What can be learned from an MRI scan / exercise test / Holter monitor (24hr ECG)?

Most individuals who have a cardiac problem will be identified with an ECG and an echocardiogram. You’re probably aware that the ECG shows electrical problems of the heart and an echocardiogram reveals structural problems of the heart and gives us an idea of the heart size. In some situations, the echocardiogram is not as good as the MRI scan of the heart to show various parts of the heart. For example, the right heart or the right ventricular chamber is much better assessed with an MRI scan. Secondly, the arteries of the heart or the origins of the coronary arteries are much better assessed with an MRI scan than they are with an echocardiogram.
There are some people who have abnormalities that will only be picked up when the heart is under stress. For example, if someone has a blocked artery then the heart will only complain when it is being challenged. So someone with a blocked artery will have a normal ECG when they’re lying down resting but when they exercise, the ECG may become abnormal. So if we suspect blocked arteries in someone, that is someone who is complaining of chest pain when they rush about, then we would perform an exercise stress test.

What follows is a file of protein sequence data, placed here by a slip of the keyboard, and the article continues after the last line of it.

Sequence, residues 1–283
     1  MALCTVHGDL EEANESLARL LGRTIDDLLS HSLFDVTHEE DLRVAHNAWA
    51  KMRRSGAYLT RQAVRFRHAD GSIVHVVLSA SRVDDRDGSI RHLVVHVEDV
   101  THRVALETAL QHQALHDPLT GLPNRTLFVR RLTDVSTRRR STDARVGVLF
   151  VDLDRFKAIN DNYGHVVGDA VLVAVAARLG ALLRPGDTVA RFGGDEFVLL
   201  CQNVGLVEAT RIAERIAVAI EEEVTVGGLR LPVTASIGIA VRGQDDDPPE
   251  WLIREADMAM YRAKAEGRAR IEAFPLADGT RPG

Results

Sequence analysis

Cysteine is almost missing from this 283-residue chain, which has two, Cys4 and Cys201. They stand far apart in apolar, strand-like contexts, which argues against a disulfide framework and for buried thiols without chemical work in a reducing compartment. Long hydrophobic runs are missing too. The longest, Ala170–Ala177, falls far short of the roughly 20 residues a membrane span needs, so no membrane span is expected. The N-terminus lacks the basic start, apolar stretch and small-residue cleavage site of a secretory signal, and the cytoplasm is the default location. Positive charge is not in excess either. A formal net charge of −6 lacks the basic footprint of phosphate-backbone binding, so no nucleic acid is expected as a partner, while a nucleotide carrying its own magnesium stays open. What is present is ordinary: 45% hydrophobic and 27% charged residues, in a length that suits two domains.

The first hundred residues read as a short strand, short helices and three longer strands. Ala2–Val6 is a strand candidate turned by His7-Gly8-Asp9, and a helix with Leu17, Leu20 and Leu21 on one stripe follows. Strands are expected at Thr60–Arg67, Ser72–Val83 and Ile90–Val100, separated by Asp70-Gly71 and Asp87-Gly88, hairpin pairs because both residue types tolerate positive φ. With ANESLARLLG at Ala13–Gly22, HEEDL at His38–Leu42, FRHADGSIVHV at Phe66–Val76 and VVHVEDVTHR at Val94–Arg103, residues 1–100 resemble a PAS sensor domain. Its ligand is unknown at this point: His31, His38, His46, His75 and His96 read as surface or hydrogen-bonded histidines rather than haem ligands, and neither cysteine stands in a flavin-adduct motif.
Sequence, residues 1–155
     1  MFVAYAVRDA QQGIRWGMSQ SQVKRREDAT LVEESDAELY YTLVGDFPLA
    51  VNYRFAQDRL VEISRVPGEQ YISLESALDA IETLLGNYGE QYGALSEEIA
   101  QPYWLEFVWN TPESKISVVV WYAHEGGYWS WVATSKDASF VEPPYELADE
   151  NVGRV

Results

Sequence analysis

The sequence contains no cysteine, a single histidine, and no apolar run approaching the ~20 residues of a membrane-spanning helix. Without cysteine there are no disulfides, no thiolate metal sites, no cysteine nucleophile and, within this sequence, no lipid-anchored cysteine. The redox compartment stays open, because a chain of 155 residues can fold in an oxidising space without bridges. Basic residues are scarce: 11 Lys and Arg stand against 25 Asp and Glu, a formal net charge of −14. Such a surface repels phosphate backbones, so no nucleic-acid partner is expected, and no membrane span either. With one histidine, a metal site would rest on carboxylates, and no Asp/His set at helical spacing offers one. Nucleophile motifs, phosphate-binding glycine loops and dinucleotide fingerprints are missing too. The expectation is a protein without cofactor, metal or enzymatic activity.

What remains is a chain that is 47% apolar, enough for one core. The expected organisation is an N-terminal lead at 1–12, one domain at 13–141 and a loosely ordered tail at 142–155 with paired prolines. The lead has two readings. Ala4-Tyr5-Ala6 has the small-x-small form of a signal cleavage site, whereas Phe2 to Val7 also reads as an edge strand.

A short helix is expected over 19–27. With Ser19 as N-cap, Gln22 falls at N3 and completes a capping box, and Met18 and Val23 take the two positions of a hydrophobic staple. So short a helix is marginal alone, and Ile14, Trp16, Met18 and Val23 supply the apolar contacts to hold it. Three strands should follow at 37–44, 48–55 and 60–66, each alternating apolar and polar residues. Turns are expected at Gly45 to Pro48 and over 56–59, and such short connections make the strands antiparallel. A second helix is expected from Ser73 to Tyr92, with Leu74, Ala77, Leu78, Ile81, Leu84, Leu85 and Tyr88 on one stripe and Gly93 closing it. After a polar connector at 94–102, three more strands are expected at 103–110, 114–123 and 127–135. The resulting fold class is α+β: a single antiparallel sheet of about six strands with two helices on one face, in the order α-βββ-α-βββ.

A 24 hour ECG is very useful at identifying individuals who have intermittent palpitation. A resting ECG at the time that the individual doesn’t have any symptoms will be normal but a 24 hour ECG may pick up individuals who have intermittent palpitations and identify the rhythm disturbance in that individual.